While we hear that there will be no return to a hard Border and there will be respect for freedom of movement and the common travel area, there are no guarantees. As a member of the foreign affairs committee and the Joint Committee on the Implementation of the Good Friday Agreement, the concerns and anxieties of Border communities and businesses are obvious. Particularly in the areas of agri-food, trade, education culture, sport, health care, transport and retail, not to mention the implications for North/South bodies. These are my initial thoughts and input into how the situation should be handled.
1. Ireland cannot get caught in the crossfire between the EU and the UK.
I heard the Prime Minister, Theresa May’s words recognising the unique relationship with the Republic and the importance of the peace process in Northern Ireland. However, the UK electorate took an utter gamble and there was a lack of thorough investigation and research into what Brexit would mean for the agreement. Whether one agrees with the Good Friday Agreement or not it has ensured peace, ease of movement and no hard Border. A generation of Irish, the people in Northern Ireland and the Border areas, have no memory of having to queue at Border crossings. While the Good Friday Agreement is recognised internationally it still raises concerns because if one leaves an organisation or club one cannot expect to enjoy the same benefits or advantages as when one was a member.
2. Now is the time to solve the unresovled issues from the Good Friday Agreement
There are unresovled issues from the Good Friday Agreement and there is a real danger they will continue to be left unresolved. I refer to issues relating to flags and parades, legacy issues such as the continuing wait for information on the Dublin-Monaghan bombings, and prisoner issues. These are very serious and continue to deteriorate. Licences are still being revoked, with Tony Taylor being the most recent case. He has been over a year in Maghaberry and he has a date in May for a parole commissioners’ hearing, which may happen but is more likely to be cancelled. The stock-take agreement and the work of the International Red Cross in the prison are being ignored and my fear is that, with Brexit, these human rights issues are going to move further down the scale of importance.
3. Create a specific strand to keep the peace
We need to look at the potential implications for reconciliation and the need for a specific strand to deal with the protection of the Good Friday Agreement. Theresa May spoke of the responsibility to ensure nothing was done to jeopardise the peace process but some issues are jeopardising the process and they are likely to be ignored or treated in a high-handed, authoritarian way because we know how fragile peace is. I was very struck by the evidence of a witness from the University of Ulster who was before the Joint Committee on the Implementation of the Good Friday Agreement recently. He had evidence from divided societies everywhere and the conclusion was that the implications of Brexit for identity and cultural issues may be more significant and potentially more dangerous in the long term than the specific economic consequences. His point was that uncertainty about identity and political issues can rapidly escalate into direct confrontation. I do not believe for one minute that there is any comparison between Northern Ireland and Gibraltar.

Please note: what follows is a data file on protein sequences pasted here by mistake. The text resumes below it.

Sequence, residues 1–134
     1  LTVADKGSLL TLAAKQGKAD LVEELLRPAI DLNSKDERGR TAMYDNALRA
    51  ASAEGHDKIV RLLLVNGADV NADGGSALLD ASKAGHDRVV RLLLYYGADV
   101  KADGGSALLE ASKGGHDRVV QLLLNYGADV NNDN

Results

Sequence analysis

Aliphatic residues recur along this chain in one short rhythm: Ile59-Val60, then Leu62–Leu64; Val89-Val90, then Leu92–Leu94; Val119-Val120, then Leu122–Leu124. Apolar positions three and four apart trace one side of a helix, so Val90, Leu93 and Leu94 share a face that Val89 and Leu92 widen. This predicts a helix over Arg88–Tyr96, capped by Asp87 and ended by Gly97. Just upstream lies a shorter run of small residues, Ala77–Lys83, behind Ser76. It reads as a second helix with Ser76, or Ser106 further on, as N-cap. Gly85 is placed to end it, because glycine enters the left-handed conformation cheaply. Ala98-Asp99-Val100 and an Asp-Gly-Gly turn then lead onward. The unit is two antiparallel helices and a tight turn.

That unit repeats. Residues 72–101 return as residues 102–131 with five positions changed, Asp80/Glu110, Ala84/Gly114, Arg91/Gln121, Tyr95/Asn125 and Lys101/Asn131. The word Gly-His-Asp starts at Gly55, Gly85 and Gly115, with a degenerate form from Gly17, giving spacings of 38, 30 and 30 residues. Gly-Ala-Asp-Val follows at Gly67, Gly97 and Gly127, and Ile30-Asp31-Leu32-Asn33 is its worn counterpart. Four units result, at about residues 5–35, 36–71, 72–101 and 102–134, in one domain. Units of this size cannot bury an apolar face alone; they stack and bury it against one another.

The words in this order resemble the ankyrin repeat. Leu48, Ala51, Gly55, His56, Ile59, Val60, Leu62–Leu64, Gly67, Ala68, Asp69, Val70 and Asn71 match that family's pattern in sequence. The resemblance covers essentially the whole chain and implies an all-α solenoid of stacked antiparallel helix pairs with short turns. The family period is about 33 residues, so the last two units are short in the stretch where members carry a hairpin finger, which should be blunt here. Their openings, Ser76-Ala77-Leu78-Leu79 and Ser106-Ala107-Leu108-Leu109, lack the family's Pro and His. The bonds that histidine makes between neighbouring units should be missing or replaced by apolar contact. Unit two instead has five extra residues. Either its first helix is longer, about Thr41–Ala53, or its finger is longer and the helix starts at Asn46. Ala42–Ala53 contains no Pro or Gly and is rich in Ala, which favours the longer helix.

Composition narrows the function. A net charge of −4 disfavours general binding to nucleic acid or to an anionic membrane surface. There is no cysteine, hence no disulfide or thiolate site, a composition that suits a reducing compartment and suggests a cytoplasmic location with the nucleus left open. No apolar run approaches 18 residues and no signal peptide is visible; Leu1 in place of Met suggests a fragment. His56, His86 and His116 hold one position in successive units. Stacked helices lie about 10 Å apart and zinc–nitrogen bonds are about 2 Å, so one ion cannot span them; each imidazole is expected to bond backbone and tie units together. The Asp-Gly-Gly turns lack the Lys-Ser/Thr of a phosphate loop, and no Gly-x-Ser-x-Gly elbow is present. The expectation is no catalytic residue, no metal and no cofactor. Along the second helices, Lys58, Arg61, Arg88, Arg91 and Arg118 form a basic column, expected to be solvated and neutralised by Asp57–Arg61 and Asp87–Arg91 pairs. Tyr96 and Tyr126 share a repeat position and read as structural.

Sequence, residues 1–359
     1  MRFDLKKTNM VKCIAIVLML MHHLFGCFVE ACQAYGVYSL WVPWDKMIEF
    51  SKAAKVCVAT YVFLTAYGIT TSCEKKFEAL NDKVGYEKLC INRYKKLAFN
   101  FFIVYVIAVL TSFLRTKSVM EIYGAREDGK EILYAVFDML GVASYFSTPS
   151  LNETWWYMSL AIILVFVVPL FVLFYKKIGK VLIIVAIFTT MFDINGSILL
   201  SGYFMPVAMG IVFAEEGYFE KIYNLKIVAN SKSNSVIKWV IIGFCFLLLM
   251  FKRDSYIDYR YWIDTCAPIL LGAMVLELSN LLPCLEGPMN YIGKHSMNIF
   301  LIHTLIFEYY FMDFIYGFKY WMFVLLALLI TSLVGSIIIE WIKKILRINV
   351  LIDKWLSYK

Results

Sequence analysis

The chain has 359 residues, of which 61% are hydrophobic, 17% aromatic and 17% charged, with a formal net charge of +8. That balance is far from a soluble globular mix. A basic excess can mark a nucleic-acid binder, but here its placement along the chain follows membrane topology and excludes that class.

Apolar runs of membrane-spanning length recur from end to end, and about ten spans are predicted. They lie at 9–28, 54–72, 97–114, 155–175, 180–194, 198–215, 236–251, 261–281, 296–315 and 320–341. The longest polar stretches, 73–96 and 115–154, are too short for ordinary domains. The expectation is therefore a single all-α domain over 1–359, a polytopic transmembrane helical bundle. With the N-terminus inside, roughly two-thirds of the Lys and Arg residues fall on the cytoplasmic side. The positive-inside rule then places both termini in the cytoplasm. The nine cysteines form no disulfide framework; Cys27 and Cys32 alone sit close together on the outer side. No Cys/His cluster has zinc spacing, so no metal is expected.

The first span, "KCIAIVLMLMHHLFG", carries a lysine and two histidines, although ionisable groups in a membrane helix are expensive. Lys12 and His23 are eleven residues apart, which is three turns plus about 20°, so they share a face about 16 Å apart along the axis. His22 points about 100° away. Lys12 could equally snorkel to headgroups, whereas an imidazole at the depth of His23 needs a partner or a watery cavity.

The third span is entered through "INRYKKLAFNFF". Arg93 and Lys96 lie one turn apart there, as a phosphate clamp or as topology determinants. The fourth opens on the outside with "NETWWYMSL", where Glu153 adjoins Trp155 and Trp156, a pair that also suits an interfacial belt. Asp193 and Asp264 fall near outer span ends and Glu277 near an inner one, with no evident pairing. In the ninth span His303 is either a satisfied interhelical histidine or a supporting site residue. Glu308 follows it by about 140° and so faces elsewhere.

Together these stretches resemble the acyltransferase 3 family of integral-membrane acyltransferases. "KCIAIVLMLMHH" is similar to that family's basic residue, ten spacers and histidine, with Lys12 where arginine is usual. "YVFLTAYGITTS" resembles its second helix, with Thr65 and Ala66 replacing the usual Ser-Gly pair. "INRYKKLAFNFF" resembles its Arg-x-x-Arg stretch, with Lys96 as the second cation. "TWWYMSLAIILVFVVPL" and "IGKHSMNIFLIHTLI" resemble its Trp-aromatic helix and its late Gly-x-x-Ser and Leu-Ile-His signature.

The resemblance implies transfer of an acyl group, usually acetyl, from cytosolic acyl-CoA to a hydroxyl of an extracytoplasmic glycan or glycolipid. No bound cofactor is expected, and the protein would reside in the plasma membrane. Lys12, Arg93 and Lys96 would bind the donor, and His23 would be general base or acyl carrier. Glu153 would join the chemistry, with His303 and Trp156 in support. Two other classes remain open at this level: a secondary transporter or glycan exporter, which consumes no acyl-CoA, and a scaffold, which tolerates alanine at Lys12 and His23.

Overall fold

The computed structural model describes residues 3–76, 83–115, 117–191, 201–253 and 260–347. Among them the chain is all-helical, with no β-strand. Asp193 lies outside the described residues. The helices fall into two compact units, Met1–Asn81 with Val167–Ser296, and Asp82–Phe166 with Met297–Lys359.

4. Tie up any tax loopholes
If international business and finance firms relocate to Ireland we have to look at them in terms of tax transparency because we need to reaffirm our commitment to country-by-country reporting and a public register of beneficial ownership. I am involved in official development assistance and am concerned about the implications for that of Britain leaving the EU. The UK has been a major contributor to the EU’s development budget and had a role in formulating development policy. Its eligible share of the general budget was €1.23 billion, out of €9 billion in ODA spending, and its share of the off-budget development fund from 2014 to 2020 was €4.48 billion, which will be a significant loss financially and from the point of view of policy. We need to look at the implications for developing countries of financial regulation and taxation practices because Brexit could bring about changes to tax and regulation which have to be examined. There is a real danger that the work of Irish Aid will be undermined.
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